Here’s a quick update on some recent feline studies on SARS-CoV-2. Some come with the increasingly common disclaimer that they are pre-prints, meaning the studies haven’t yet undergone peer review by other scientists in the field.

Cats in Hong Kong (Barrs et al. Emerg Infect Dis 2020)

This study has undergone peer review, and provides a nice description of Hong Kong’s efforts early in the pandemic. They had the most comprehensive response to potential animal exposure, and this information is available as a result of their approach to quarantine and test pets of infected people early in the pandemic, when alternate housing was not available.

They tested 50 cats from households with COVID-19 patients, or where owners had close contact with an infected person. They detected SARS-CoV-2 by PCR in 6 (12%) of the cats. They sequenced the viral isolates from a person and a cat in one household, and they were (unsurprisingly) identical, supporting the conclusion that one infected the other (presumably human-to-cat).

Dogs and cats in France (Fritz et al. 2020)

This pre-print describes a study of dogs and cats from COVID-19-positive households in France. They used a battery of antibody tests to detect previous exposure to the virus (as compared to PCR testing, which aims to detect active infection by finding pieces of the actual virus). They ran 4 tests: a neutralizing assay and 3 tests looking for IgG against three different viral proteins.

  • If a positive is considered an animal that was positive on either the neutralization assay OR all 3 IgG tests, 8 of 34 (24%) cats and 2 of 13 (15%) dogs were positive.
  • If a positive is considered an animal that was positive on ANY one of the tests, the numbers jump to 59% in cats and 39% in dogs.
  • Only 1 of 16 cats and 0 of 22 dogs from non-COVID-19 households were positive using the first criterion (whether that means the one household had undetected COVID-19 in a person, that the cat was exposed outside the house, or the result was a false positive isn’t possible to discern). Using the second criterion there were 6 (15%) positive animals in this group. That’s high for a negative control group, but substantially less than from the COVID-19 households.

The seroprevalence is high, but consistent with what we have found so far with our serological studies of dogs and cats in Canada  (4/8 cats, 2/10 dogs), supporting fairly common human-to-pet transmission.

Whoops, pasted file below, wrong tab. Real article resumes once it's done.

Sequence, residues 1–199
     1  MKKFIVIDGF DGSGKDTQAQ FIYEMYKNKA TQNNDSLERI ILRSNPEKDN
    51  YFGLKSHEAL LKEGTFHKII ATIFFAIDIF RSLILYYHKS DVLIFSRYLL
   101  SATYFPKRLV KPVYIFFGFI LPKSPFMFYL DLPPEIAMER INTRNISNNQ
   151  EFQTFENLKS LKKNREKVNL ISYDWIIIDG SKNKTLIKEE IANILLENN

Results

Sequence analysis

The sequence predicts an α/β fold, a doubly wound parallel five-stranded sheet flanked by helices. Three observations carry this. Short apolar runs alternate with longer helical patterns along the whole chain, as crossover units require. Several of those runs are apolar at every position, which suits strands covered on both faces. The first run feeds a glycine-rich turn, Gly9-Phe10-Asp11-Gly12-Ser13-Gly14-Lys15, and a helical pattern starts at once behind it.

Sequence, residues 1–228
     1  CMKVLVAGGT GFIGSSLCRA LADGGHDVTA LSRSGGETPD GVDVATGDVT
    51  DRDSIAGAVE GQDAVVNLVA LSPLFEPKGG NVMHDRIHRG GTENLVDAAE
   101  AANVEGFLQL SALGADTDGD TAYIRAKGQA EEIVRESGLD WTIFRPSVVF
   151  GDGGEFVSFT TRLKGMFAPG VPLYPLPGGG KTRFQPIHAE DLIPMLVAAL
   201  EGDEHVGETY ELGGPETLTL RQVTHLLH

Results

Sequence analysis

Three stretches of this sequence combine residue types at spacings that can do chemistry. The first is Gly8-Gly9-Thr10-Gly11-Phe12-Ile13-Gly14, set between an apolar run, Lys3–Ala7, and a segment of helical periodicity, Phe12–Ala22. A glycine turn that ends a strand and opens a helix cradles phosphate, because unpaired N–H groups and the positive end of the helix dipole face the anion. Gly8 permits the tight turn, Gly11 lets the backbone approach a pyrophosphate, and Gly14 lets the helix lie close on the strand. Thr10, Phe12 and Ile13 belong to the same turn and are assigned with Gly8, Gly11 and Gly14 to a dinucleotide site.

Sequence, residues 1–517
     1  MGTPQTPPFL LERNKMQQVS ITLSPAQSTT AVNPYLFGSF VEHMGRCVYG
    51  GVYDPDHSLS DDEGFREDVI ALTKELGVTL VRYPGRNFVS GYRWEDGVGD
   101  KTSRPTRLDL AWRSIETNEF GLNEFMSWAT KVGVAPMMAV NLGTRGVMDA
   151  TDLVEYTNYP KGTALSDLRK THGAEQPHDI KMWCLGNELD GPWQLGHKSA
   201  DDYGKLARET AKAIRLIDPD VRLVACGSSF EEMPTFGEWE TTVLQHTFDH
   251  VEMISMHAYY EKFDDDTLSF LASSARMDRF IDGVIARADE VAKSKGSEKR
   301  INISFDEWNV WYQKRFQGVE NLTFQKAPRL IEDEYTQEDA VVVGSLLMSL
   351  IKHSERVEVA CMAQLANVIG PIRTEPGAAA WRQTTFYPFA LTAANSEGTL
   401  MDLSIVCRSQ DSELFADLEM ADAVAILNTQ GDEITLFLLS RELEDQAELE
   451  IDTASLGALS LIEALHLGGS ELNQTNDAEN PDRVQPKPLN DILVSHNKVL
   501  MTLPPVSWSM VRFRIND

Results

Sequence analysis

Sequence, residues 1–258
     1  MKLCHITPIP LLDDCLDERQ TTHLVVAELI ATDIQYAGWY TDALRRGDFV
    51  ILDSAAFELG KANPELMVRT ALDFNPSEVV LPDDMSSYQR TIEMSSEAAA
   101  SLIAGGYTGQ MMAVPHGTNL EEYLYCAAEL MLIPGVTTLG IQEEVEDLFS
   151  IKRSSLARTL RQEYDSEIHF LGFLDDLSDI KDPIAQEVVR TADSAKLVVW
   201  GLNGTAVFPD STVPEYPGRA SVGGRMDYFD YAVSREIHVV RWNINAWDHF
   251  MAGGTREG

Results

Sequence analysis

Another cat experimental study (Gaudreault et al. 2020)

Another pre-print, this one doesn’t add much to what we already know, but beefs up our overall knowledge. They took 6 cats (4-5 months old) and exposed them to the SARS-CoV-2 virus through the nose or mouth. They then added naive cats one day later to look for cat-to-cat transmission. All pretty standard.  Cats stayed clinically healthy but there was evidence of infection via detection of the virus in tissues and some signs of inflammation in the airways. Transmission to the other cats occurred within 2 days.

So, it’s similar to what we’ve already heard: cats can be infected, they don’t usually get noticeably sick, but they can infect other cats.

Cats: A Case Report (Hosie et al. 2020)

This is a pre-print case report of two cats with SARS-CoV-2 infection in the UK.

The first case was a 4-month-old kitten whose owner had COVID-19. A couple of weeks after the onset of the owner’s illness, the kitten was taken to a veterinarian with severe respiratory disease.  The kitten’s condition deteriorated and it was euthanized. There were signs of severe respiratory disease on radiographs, and necropsy results were consistent with severe viral pneumonia. SARS-CoV-2 was identified in the lung, and no other potential causes were identified.

They researchers then tested 387 swabs that were submitted to the University of Glasgow diagnostic lab for respiratory pathogen testing. One of these was positive for SARS-CoV-2. This was from a 6-year-old cat with mild respiratory and ocular disease. It was also positive for feline herpesvirus, a common cause of those signs in many cats. However, one of the cat’s owners had signs consistent with COVID-19 at the time the cat was sick. Most likely, SARS-CoV-2 infection was an incidental finding here.

Taken together, these reports are consistent with our current messaging: